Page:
(Alamogordo, New Mexico, November 8, 2017) – Astronaut Richard F. “Dick” Gordon passed away at his home in San Marcos, California, on Monday, November 6. The Gemini and Apollo veteran was 88 years old. He was preceded in death by his wife Linda, who passed away in September 2017. His first wife Barbara died in 2012. Gordon is survived by six children, two stepchildren and five grandchildren.
Astronaut Richard F. Gordon Jr., pilot of the Gemini-11 spaceflight, undergoes suiting up operations in the Launch Complex 16 suit trailer during the Gemini-11 prelaunch countdown. At right is suit technician Clyde Teague
Gordon was born on October 5, 1929, in Seattle, Washington. A Naval Aviator, NASA selected him to be an astronaut in 1963. Gordon’s first spaceflight was as Pilot of the three day Gemini XI mission in September 1966, along with Command Pilot Charles “Pete” Conrad. The two performed the first direct-ascent rendezvous with an Agena Target Vehicle and achieved a high-apogee earth orbit world record. In addition, Gordon performed two extravehicular activities during the flight which resulted in valuable lessons learned for future EVAs.
Gordon’s next flight was in 1969 when he became the Command Module pilot on Apollo 12. He was reunited with his Gemini XI counterpart Charles Conrad, Spacecraft Commander, along with Alan L. Bean who served as Lunar Module Pilot. During the mission, Gordon performed experiments and took pictures from the Yankee Clipper command module, while Conrad and Bean explored the lunar surface. Although Gordon’s dream was to walk on the moon, the closest he was able to get was a painting by Alan Bean of the three Apollo 12 crewmates standing on the lunar surface entitled “The Fantasy”.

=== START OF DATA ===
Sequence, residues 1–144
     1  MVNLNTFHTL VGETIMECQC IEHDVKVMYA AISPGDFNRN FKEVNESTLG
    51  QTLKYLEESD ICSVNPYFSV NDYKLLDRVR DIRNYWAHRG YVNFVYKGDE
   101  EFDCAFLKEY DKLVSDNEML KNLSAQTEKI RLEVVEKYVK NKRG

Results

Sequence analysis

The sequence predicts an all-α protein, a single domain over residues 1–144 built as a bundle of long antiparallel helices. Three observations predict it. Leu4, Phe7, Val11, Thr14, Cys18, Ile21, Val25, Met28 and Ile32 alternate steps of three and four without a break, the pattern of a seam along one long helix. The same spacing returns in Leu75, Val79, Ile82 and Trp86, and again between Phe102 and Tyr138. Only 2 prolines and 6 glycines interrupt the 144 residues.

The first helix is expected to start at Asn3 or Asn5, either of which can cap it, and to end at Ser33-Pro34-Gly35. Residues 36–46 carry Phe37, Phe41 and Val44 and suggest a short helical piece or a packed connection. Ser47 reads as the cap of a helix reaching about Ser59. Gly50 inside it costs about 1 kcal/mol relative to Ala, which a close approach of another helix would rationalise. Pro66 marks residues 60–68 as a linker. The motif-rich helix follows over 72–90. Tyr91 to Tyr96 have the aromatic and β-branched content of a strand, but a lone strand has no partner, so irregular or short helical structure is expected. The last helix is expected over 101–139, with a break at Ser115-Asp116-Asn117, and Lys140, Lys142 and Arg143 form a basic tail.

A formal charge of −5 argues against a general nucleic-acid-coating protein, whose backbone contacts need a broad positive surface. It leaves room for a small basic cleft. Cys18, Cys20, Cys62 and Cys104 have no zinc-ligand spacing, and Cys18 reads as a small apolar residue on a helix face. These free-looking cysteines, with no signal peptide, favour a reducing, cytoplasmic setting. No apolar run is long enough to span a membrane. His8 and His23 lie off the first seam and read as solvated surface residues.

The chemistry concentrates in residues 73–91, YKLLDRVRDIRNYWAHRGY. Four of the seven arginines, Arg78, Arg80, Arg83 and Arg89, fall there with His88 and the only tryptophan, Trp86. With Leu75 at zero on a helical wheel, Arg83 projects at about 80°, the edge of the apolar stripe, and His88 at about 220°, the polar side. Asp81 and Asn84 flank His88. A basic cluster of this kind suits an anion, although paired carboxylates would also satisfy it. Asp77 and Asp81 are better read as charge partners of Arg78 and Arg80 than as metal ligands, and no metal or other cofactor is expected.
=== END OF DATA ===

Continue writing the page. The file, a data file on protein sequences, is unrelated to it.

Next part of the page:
After retiring from NASA in 1972, Gordon went on to private industry, where he was involved in everything from being Executive Vice President of the New Orleans Saints to being an advisor for the mini-series “SPACE” and executive positions in technology and energy.
During his career as an astronaut, Gordon was awarded the NASA Distinguished Service Medal, NASA Exceptional Service Medal, two Navy Distinguished Flying Crosses, Navy Astronaut Wings and a multitude of other awards. In 2005, as a member of the original 38 Gemini, Mercury and Apollo astronauts, he was awarded NASA’s Ambassador of Exploration Award which included a moon rock in recognition of the dedication and courage of America’s first astronauts. Gordon was inducted into the International Space Hall of Fame at the New Mexico Museum of Space History in 1982.
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